delanceyplace.com 11/2/06 - economic growth
In today's encore excerpt - the world's standard of living grew by only 50% from 1 A.D. to 1800 A.D., but has incresed over 900% in the 200 years since then:
"The past two centuries, since around 1800, constitute a unique era in economic history, a period the great economic historian Simon Kuznets famously termed the period of modern economic growth. Before then, indeed for thousands of years, there has been virtually no sustained economic growth in the world, and only gradual increases in the human population. The world population had risen gradually from around 230 million people at the start of the first millennium in A.D. 1, to perhaps 270 million by A.D. 1000 and 900 million by A.D. 1800. Real living standards were even slower to change. According to Maddison, there was no discernible rise in living standards on a global scale during the first millennium, and perhaps a 50 percent increase in per capita income in the eight-hundred-year period from A.D. 1000 to A.D. 1800.
"In the period of modern economic growth, however both population and per capita income came unstuck, soaring at rates never before seen or even imagined. ... the global population rose more than sixfold in just two centuries, reaching an astounding 6.1 billion people at the start of the third millennium, with plenty of momentum for rapid population growth still ahead. The world's average per capita income rose even faster, ... increasing by around nine times between 1820 and 2000. In today's rich countries, the economic growth was even more astounding. The US per capita income increased almost twenty-five-fold during this period, and Western Europe's increased fifteen-fold. Total worldwide food production more than kept up with the booming world population. Vastly improved farm yields were achieved on the basis of technological advances. If we combine the increases in world population and world output per person, we find that total economic activity in the world rose an astounding forty-ninefold increase in total economic activity in the world over the past 180 years.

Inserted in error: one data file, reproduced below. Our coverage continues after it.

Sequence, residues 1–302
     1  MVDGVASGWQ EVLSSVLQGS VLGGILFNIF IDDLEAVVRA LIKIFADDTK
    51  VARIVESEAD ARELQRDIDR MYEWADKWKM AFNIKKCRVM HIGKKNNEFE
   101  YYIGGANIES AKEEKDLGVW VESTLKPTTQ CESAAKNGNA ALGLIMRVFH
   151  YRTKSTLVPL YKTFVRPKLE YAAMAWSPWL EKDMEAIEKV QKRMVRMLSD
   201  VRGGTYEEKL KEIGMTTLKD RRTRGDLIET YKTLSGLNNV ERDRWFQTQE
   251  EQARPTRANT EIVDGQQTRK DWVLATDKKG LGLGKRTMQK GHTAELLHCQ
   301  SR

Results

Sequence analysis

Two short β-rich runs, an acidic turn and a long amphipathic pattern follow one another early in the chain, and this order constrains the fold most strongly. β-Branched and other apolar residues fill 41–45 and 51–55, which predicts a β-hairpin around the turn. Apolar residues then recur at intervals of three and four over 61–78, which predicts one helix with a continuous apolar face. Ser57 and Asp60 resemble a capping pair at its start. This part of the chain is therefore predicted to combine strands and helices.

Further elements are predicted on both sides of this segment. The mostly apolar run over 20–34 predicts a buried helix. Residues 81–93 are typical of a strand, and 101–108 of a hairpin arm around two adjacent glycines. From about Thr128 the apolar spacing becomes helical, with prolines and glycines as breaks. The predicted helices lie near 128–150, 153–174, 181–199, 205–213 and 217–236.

"By 1998, the gap between the richest economy, the United States, and the poorest region, Africa, had widened to twenty to one. Since all parts of the world had a roughly comparable starting point in 1820 (all very poor by current standards), today's vast inequalities reflect the fact that some parts of the world achieved modern economic growth while others did not. Today's vast income inequalities illuminate two centuries of highly uneven patterns of economic growth."
|Jeffrey D. Sachs
|The End of Poverty: economic possibilities for our time
|The Penguin Group
|Copyright 2005 by Jeffery D. Sachs